The number of Alaskans enrolling in Obamacare slid sharply this year.
By the deadline on Dec. 15, 18,356 Alaskans signed up for health insurance through the http://healthcare.gov exchange, according to Gov. Bill Walker, who made the announcement on Twitter midday on Friday, Dec. 22.
The Department of Health and Social Services and the Division of Insurance made no announcement.
The number of 2018 enrollees represents a 20 percent drop since 2016, the first year for Obamacare in Alaska, when 23,020 Alaskans enrolled.
Those signing up this year make up less than 2.5 percent of the total estimated Alaska population of 740,000.
That number is misleading, however, because enrolling is not the same as paying.
“Effectuated coverage” is the term that applies when people actually pay for the insurance they’ve signed up for. That figure will not be available until February.
The number of people who ended up effectuating their enrollment by paying for it in 2017 was 14,177, which means nearly 40 percent of those who initially enrolled dropped out without paying. The thousands who dropped out likely felt they could not afford it.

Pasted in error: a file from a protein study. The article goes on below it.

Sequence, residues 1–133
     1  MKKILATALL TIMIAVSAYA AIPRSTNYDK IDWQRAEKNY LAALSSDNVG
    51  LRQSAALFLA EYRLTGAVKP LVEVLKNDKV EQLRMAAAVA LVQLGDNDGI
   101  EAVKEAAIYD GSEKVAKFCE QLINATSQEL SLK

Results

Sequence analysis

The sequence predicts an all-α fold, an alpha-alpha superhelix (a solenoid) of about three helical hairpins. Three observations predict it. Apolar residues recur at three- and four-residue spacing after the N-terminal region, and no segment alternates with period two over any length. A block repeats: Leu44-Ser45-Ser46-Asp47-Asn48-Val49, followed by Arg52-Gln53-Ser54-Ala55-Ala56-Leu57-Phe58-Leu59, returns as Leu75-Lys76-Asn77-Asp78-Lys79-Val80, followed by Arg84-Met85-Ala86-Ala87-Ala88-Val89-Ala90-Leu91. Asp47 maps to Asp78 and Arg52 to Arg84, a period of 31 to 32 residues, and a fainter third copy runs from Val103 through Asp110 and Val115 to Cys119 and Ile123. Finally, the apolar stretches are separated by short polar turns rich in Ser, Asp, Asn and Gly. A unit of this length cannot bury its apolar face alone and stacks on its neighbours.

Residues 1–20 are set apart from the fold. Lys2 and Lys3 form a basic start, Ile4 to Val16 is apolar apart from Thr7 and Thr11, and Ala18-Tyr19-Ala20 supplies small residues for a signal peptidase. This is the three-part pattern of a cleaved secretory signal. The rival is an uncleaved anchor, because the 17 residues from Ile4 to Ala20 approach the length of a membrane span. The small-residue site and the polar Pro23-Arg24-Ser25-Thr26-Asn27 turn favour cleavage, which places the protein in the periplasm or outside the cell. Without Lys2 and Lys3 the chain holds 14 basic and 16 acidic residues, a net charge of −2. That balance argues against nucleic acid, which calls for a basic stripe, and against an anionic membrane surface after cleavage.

The trend toward lower enrollment is being felt nationwide. The final number of sign-ups on the federal Obamacare exchange was 8.8 million, compared with 12.2 million last year.
The liberally focused media and progressive activists blame the Trump Administration for cutting the advertising budget for Obamacare by 90 percent and also reducing funds for the “navigators” available to help people pick a plan.
In Alaska, navigators are not needed, since there is but one company to choose from: Premera Blue Cross.
Most of those who enroll in Alaska — 93 percent — receive taxpayer support through a subsidy to help them with the extraordinarily high premiums available to the thousands of Alaskans who must purchase the insurance or pay a penalty. Those who are covered by employers pay no such penalty. Others, on Medicaid or Medicare, are covered and don’t pay the penalty.
For 2018, the subsidy for a family of four is available for those with incomes up to $123,000, compared to $98,400 in the Lower 48.
The recent tax bill signed into law by President Donald Trump eliminates the tax penalty for not having insurance, but it is still in effect for 2018. The IRS has made unannounced moves to enforce it by not allowing people to complete their online tax returns without showing evidence that they have health insurance.
The penalty for going without health insurance in 2018 is about $695 per adult, or 2.5 percent of household income, whichever is higher.